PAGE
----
in a picture; because, considered as mere objects of sight^ they may often present beautiful effects ot colouring and shadow; and these are preserved or heightened in the imitation, disjointed from all their offensive accompaniments. Now, if the tints and shades were the exclusive sources of our gratification, and if this gratification was diminishivl. instead of being heightened, by the suggestion which, however transiently, musí still intrude itself, that they appeared in an imitation of disgusting objects, it must certainly follow, that the pleasure and the beauty would be much enhanced if there was ло imitatton of any thing -whatever, and if the canvas merely presented the tints and shades, unaccompanied with the representation of any particular object. It is perfectly obvions, however, that it would be absurd to call such a collection of coloured spots a beautiful picture: and that a man would be laughed at who should hang up such a piece of stained canvas among the works of the great artists. Again, if it were really possible for any one, but a student of art, to confine the attention to the mere colouring and shadowing of any picture, there is nothing so disgusting but what might form, the subject of a beautiful imitation. A piece of putnd veal, or a cancerous ulcer, or the rags that are taken from it, may display the most brilliant tints, and the finest distribution of light and shadow. Does Mr. Knight, however, seriously think, that either of these experiments would succeed? Or are there, in reality, no other qualities in the pictures in question, to which their beauty can be ascribed, but the organic effect of their colours? We humbly conceive that there are; and that far less ingenuity than his might have been able to detect them.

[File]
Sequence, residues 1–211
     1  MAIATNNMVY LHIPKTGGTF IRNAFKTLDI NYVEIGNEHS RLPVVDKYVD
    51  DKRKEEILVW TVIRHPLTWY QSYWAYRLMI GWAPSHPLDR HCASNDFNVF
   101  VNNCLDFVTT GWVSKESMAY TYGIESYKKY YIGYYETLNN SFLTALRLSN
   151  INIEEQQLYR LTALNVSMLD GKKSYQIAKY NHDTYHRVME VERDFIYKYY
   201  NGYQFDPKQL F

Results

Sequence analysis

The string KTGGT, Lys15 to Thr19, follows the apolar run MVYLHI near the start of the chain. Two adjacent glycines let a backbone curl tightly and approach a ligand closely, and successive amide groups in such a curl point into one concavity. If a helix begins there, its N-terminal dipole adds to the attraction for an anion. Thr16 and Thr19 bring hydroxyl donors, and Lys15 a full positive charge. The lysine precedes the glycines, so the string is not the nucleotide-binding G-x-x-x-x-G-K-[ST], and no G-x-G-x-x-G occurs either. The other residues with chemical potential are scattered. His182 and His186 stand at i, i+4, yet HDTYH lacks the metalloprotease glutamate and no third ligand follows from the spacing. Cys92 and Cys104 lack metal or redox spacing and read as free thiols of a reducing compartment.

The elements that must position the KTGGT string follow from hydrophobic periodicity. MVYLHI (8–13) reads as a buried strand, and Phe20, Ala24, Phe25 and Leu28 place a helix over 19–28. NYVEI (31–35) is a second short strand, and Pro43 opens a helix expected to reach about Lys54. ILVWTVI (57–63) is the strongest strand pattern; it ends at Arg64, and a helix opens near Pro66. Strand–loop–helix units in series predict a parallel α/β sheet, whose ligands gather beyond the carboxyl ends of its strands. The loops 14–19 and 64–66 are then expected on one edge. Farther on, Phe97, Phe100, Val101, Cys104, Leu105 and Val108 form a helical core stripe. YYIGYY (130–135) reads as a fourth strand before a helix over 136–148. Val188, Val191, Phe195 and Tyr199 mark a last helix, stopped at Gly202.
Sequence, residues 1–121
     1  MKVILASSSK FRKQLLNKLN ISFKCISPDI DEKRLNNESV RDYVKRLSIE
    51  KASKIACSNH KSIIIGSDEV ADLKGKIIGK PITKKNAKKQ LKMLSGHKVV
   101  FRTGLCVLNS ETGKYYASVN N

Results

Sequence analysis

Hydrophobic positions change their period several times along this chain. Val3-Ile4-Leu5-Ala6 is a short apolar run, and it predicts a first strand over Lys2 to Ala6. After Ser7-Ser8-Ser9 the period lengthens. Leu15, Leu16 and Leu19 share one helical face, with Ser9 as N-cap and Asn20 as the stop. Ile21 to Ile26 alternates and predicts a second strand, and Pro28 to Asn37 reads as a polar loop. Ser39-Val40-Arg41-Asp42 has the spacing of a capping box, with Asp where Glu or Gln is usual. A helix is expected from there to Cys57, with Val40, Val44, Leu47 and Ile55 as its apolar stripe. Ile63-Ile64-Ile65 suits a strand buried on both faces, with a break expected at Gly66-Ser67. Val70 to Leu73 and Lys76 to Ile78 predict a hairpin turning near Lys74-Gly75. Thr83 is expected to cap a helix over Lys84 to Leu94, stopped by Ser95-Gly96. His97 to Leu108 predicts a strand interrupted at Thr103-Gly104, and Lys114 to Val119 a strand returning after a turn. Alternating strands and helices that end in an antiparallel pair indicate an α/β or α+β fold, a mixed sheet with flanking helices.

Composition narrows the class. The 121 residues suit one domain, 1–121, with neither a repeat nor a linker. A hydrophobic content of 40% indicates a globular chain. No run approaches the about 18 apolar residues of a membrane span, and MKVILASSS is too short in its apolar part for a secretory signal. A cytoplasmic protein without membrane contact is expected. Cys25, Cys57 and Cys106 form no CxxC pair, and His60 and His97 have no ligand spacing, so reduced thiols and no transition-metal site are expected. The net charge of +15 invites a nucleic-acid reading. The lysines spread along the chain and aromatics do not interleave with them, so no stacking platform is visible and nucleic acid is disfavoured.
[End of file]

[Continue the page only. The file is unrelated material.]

There is, in the first place, the pleasing association of the skill and power of the artist —a skill and power which we know nay be employed to prodoce unmingled delight; whatever may be the character of the particular effort before us: and with the pride of whose possessors we sympathise. But, in the second place, we do humbly conceive that there are many interesting associations connected with the subjects which have been represented as purely disgnsting. The aspect of human wretchedness and decay is not, at all events, an indifferent spectacle; and, if presented to us without actual offence to our senses, or any call on our active beneficence, may excite a sympathetic emotion, which is known to be far from undelightfnl. Many an attractive poem has been written on the mise ries of beggars; and why should painting be supposed more fastidious? Besides, it will be observed, that the beggars of the paintfr are generally among the most interesting of that interesting order ;—either young an<! lovely children, whose health and gaiety, and sweet expression, form an affecting contrast with their squalid Garments, and the neglect and misery to which they seem to be destined—or old and venerable persons, mingling something of the dignity and reverence of ago with the broken spirit of their condition, acu •eeming to reproach mankind for exposing aeads so old and white to the pelting of the pitiless storm. While such pictures suggest images ¡ад pathetic, it looks almost like a wilful perversity, to ascribe their beauty entirely to the mixture of colours which they display, ami to the forgetfulness of these images. Even for the duii-rhill. we think it is possible to >ау something,—though, we confess, we hare never happened to see any picture, of which that useful compound formed the peculiar subject. There is the display of the painters art and power here also; and the dtm-ihill is not only useful, but is associated with many pleasing images of rustic toil and occupation, and of the simplicity, and comfort, and innocence of agricultural life. We do not know that a dunghill is at all a disagreeable object to look at, even in plain reality—provided it be so far off as not to annoy us with ¡Is odour, or to soil us with its effusions. In a picture, however, we are safe from any of these disasters; and, considering that it is usually combined, in such delineations, with other more pleasing and touching remembrancers of humble happiness and contentment, we really do not see that it was at all necessary to impute any mysterious or intrinsic beauty to its complexion, in order to account for the satisfaction with which we can then bear to behold it.